Eighteen-year-old Salwah Mekrsh is unable to walk. Her mother and her sister push Salwah’s wheelchair through the streets of Kilis, a Turkish city near the border with Syria, then enter a small courtyard and stop under the shade of a lemon tree. While Salwah waits for her mental health consultation with MSF to begin, they talk about how their lives have changed.
“Before the war, we used to have everything,” says Salwah, “but since it started we have suffered too much.”
Salwah was pushed into marriage shortly before the first wave of protests in Syria, in March 2011, when she was 15. Soon she became pregnant; her daughter was born just as the country’s strife was becoming an all-out civil war. After her husband tried to assault her, their marriage disintegrated, and he left, taking the baby. “He took my daughter and doesn’t let me see her,” says Salwah. “I have no way to contact them. I haven’t seen my daughter for a year.”

Photo: Salwah Mekrsh was shot by a sniper in Aleppo. In this photo, taken in April 2013, she is about to start a mental health consultation with MSF staff in Kilis. Turkey 2013 © Anna Surinyach

"I feel better, but I can’t walk."

Eighteen-year-old Salwah Mekrsh is unable to walk. Her mother and her sister push Salwah’s wheelchair through the streets of Kilis, a Turkish city near the border with Syria, then enter a small courtyard and stop under the shade of a lemon tree. While Salwah waits for her mental health consultation with MSF to begin, they talk about how their lives have changed.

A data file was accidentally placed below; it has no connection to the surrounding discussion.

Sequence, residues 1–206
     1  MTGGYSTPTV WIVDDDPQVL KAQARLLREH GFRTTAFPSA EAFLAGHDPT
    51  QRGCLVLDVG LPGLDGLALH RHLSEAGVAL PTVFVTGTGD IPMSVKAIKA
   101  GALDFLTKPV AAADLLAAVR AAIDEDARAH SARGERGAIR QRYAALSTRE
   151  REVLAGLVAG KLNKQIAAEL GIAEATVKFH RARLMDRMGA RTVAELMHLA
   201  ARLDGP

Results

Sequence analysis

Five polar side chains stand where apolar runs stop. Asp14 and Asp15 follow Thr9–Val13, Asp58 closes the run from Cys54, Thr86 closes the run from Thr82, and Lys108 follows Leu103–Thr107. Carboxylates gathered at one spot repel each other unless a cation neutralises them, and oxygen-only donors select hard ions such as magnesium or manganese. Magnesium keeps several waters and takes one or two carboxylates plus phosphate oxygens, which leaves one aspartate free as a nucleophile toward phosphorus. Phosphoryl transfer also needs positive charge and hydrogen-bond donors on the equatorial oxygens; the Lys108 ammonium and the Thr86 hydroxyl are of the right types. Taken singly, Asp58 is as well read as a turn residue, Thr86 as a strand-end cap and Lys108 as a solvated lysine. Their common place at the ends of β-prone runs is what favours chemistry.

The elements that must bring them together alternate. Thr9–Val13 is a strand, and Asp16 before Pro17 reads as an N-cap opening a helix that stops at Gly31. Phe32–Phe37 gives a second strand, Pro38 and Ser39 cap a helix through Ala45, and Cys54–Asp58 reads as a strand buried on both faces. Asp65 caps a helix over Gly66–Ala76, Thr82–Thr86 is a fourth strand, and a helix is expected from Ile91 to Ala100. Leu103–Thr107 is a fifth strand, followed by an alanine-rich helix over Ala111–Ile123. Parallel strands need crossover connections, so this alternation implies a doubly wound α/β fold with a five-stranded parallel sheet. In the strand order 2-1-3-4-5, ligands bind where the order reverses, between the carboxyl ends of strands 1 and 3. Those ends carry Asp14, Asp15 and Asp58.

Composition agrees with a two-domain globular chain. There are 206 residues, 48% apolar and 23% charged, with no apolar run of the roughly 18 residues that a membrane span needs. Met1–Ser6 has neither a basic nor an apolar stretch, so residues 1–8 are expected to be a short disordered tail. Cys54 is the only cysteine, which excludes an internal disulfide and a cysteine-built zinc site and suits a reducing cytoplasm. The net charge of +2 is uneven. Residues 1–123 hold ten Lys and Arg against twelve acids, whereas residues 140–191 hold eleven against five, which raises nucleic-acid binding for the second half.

“Before the war, we used to have everything,” says Salwah, “but since it started we have suffered too much.”

Salwah was pushed into marriage shortly before the first wave of protests in Syria, in March 2011, when she was 15. Soon she became pregnant; her daughter was born just as the country’s strife was becoming an all-out civil war. After her husband tried to assault her, their marriage disintegrated, and he left, taking the baby. “He took my daughter and doesn’t let me see her,” says Salwah. “I have no way to contact them. I haven’t seen my daughter for a year.”

Photo: A street view in Basra. Iraq 2009 © Khalil Sayyad
Healing Iraq: The Challenges of Providing Mental Health Care

Photo: A street view in Basra. Iraq 2009 © Khalil Sayyad

Healing Iraq: The Challenges of Providing Mental Health Care

Photo: Basra, where MSF established an international team in 2008. Iraq 2009 © Khalil Sayyad
Increased Mental Health Care Needed in Iraq
“Many Iraqis have been pushed to their absolute limit,” said Helen O’Neill, MSF’s head of mission in Iraq. “Mentally exhausted by their experiences, many people struggle to understand what is happening to them. The feelings of isolation and hopelessness are compounded by the taboo associated with mental health issues and the lack of mental health care services that people can turn to for help,” she said.
Since 2009, MSF and the IMoH have introduced psychological counseling services in two hospitals in Baghdad and one in Fallujah. The programs focus on non-pharmaceutical approaches to address anxiety and depressive disorders commonly experienced by people exposed to violence and uncertainty. There are plans to replicate this counseling model across the country, with the IMoH starting programs in Kut, Karbala, and Sulaymaniyah hospitals.

Photo: Basra, where MSF established an international team in 2008. Iraq 2009 © Khalil Sayyad

Increased Mental Health Care Needed in Iraq